BMR: What trends in contemporary fiction/poetry/creative nonfiction do you see that you enjoy or admire?
DM: Because I’m primarily a short fiction writer, I love that collections of short stories seem to be making a resurgence, even if they’re being mostly published by smaller independent and university presses rather than the big New York City publishing houses. Outpost 19 Books (http://outpost19.com), which in March will publish my second collection of stories, Nights I Dreamed of Hubert Humphrey, is such a press. So is Press 53, which published my friend Pinckney Benedict’s brilliant collection of stories, Miracle Boy, a couple years ago, and Dzanc, and Milkweed Editions, and Graywolf, and Hawthorne Press, which published Greg Martin’s latest memoir Stories for Boys this past year, Storylandia, which published Michelle Brooks’ novella Dead Girl, Live Boy and will release her first collection of stories later this year, and the list goes on and on, growing almost by the day. Most of the collections of stories I read last year and loved were published by independent or university presses: Charles McLeod’s National Treasures, Robert Boswell’s The Heyday of the Insensitive Bastards, Patrick Somerville’s The Universe in Miniature in Miniature, Laura Kasischke’s If a Stranger Approaches You, L. Annette Binder’s Rise, Molly McNett’s One Dog Happy, and Chad Simpson’s Tell Everyone I Said Hi. Though I hear again and again that the short story as a literary form is dead, I don’t believe it, and for those like me who love reading them, indy and university presses promise to keep us well stocked.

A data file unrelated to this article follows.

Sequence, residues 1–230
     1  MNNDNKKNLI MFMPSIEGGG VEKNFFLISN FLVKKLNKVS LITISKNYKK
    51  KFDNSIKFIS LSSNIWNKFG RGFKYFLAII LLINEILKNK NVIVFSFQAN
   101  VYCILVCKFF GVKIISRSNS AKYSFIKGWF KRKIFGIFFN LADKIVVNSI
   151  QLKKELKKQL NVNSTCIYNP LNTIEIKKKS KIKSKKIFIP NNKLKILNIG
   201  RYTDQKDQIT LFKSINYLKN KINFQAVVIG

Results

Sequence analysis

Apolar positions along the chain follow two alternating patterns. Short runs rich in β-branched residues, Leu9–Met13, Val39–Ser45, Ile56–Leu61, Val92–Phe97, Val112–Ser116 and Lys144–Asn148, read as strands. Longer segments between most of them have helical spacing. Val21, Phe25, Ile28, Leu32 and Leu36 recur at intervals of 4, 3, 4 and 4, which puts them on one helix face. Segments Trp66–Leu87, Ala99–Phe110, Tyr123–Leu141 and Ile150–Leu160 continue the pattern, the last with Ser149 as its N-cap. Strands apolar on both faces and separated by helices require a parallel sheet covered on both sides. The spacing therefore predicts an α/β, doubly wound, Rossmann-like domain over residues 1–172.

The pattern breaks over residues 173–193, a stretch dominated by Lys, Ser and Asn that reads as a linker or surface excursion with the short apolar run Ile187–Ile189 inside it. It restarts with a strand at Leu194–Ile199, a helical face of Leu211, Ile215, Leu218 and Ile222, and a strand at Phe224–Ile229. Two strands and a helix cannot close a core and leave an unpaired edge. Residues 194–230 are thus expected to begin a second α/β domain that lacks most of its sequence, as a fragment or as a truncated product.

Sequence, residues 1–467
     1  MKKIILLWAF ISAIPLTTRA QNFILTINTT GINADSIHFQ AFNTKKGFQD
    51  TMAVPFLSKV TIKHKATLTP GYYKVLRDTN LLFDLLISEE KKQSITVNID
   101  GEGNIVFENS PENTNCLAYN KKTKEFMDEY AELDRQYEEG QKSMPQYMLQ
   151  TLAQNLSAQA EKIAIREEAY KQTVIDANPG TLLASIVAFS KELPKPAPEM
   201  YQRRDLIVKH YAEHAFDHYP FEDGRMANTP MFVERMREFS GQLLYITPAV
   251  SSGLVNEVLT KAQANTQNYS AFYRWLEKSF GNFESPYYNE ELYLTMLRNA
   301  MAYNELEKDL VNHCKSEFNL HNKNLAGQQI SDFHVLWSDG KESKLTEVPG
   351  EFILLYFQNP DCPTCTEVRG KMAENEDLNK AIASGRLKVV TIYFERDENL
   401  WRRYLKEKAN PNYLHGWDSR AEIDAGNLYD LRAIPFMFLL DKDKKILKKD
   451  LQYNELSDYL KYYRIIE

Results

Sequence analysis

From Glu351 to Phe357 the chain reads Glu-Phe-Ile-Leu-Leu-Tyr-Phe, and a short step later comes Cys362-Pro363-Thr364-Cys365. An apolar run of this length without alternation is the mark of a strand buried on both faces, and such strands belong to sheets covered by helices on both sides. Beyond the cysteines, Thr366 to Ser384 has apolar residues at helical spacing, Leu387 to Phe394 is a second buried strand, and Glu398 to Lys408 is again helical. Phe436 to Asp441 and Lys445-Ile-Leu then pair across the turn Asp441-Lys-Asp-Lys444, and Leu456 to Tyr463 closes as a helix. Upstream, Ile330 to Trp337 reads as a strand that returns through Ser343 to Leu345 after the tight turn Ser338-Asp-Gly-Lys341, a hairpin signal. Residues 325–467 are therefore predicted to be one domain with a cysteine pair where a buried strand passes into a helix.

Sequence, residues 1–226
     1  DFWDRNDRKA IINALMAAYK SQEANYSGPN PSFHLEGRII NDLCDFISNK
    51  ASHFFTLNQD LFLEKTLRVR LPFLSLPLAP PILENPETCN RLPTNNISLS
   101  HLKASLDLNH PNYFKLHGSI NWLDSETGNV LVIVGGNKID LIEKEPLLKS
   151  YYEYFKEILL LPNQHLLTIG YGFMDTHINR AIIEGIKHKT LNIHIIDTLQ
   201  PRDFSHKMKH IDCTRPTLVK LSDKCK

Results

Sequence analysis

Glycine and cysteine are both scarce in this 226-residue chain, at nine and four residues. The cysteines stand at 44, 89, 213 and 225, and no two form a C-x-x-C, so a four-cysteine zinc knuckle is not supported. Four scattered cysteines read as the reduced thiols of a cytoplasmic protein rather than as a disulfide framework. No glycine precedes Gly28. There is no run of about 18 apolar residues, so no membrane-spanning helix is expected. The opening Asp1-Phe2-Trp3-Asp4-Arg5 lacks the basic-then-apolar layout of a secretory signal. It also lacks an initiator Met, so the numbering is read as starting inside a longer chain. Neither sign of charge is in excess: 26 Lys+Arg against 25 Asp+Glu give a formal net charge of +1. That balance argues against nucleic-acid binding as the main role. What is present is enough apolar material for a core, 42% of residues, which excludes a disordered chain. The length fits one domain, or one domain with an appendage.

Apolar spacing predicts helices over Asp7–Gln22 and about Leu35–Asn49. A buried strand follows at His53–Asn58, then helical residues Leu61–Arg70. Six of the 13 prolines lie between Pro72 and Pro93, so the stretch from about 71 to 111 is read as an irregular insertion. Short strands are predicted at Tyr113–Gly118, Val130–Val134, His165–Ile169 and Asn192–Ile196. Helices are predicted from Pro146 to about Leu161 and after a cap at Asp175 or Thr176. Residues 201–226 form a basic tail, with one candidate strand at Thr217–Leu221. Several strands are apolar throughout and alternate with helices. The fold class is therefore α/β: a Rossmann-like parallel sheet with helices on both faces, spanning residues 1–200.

Faux online customer reviews of products, the more worthless the better, is another literary trend that many writers I know have become obsessed with, myself included. If you’re inclined to doubt the appeal of this seemingly new literary form, check out the fictional testimonials for the Hutzler 571 Banana Slicer (http://www.amazon.com/Hutzler-5717-571-Banana-Slicer/dp/B0047E0EII) or read Ari Brouillette’s hilarious faux review of The Secret by Rhonda Byrne (http://www.amazon.com/gp/pdp/profile/A3R7PU67SRMD1E/ref=cm_aya_bb_pdp) and note how many people found the reviews “helpful.” How many writers publishing their work in literary magazines can claim to have reached 32,769 readers, or that of them 32,500 found their poem, story, or essay “helpful”? Few.